Until the light from a waxing Moon becomes too obtrusive mid-month, take advantage of any clear nights to catch a glimpse of Comet 46P/Wirtanen in the constellation of Taurus. Comet 46P is currently highest in the sky around 10pm GMT where it can be located halfway from the southern horizon to overhead as seen from the British Isles.
Discovered at the Lick Observatory by American astronomer Carl A. Wirtanen on 15 January 1948, the comet that now bears his name orbits the Sun every 5.44 years. A so-called Jupiter-family comet, 46P/Wirtanen comes within 1.06 astronomical units (AU) of the Sun at perihelion, out to 5.13 AU at aphelion. The icy nucleus of 46P is believed to have a diameter of about 1.2 kilometres (three-quarters of a mile).
Comet 46P passes just 3¾ degrees southeast of the Pleiades at the time it’s closest to Earth at 13 UT (1pm GMT) on Sunday, 16 December 2018. At this time the physical distance between the comet and Earth is 0.0775 astronomical units, 11.8 million kilometres or 30 lunar distances. The comet’s motion relative to the background stars exceeds 4 degrees per day between 14 and 19 December, equivalent to the apparent angular width of Jupiter every four seconds when 46P is closest.
Late into the UK evenings of 15 and 16 December finds Comet 46P between first-magnitude star Aldebaran and the Pleiades star cluster in the constellation of Taurus making identification easier and a superb astrophotographic opportunity. Light from the full Moon of 22 December will drown the comet around that time, but do try to view 46P near bright star Capella in Auriga on the night of 23 December as the pair will be just a degree apart.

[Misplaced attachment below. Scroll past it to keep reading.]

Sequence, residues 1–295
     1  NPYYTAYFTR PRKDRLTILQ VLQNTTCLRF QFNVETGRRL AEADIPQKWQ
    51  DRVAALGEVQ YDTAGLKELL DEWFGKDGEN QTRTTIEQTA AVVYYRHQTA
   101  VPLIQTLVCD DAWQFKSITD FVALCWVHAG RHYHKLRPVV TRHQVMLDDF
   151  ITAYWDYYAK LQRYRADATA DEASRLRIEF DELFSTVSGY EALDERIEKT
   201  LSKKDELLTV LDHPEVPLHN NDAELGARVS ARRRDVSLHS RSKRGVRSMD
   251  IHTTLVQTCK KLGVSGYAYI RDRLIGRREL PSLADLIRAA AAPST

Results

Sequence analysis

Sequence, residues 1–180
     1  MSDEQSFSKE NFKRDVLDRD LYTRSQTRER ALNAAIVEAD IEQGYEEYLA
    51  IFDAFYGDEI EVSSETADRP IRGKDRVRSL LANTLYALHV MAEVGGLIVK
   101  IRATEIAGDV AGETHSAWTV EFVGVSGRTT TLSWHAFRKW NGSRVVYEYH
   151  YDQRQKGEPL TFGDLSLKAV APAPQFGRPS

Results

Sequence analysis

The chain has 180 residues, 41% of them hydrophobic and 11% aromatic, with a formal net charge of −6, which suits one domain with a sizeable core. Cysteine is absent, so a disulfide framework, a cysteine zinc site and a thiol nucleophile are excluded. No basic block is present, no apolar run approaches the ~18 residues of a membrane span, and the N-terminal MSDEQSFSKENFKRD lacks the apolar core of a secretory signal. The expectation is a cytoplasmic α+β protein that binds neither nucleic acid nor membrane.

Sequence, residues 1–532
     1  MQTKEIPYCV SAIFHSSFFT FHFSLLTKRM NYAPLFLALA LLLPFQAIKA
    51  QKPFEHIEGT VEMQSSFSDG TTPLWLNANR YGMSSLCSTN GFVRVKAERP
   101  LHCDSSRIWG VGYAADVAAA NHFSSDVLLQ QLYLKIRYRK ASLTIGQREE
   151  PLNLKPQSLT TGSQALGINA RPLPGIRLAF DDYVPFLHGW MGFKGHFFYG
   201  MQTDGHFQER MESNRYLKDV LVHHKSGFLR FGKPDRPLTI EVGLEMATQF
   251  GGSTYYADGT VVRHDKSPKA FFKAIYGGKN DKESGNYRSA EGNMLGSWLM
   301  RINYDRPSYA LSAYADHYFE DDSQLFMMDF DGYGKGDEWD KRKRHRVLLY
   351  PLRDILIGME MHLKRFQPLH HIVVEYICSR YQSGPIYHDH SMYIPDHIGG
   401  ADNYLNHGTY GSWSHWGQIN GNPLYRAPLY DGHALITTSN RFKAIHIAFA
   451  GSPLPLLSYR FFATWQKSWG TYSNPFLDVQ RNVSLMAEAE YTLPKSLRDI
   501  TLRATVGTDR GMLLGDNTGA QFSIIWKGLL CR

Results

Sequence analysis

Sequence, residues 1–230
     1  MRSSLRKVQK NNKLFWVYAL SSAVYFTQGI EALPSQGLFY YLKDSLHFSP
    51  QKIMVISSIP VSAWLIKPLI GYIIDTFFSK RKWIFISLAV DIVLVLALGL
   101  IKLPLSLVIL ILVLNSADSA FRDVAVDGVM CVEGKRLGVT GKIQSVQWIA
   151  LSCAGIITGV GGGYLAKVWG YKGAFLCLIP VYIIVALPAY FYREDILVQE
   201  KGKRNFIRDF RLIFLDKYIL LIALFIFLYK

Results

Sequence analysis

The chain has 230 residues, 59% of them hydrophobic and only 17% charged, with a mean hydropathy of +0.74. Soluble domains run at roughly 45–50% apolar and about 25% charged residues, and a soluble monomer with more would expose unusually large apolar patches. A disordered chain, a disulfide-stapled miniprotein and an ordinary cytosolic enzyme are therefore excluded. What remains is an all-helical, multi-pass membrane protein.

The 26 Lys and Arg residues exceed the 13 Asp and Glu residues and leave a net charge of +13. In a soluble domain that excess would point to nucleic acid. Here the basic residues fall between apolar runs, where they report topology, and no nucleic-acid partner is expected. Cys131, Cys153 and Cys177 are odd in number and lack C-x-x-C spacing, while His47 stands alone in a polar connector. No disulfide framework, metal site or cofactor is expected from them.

Comet 46P/Wirtanen has an integrated magnitude close to magnitude +4 and may peak around +3 when closest to Earth, but its pale greenish glow is spread over a diameter almost twice that of a full Moon. Consequently, Comet 46P fills the field of view of the lowest magnification eyepiece supplied with most telescopes; it could drift through the field of view and be overlooked with a casual glance.
Given its diffuse appearance and very short tail, 46P is best viewed in low-power binoculars or with the naked eye from a safe, rural observing spot well away from streetlights – but do take 20 minutes to get fully dark adapted. Click here or on the graphic at the top of the page to obtain a scalable PDF finder chart suitable for printing and use outside.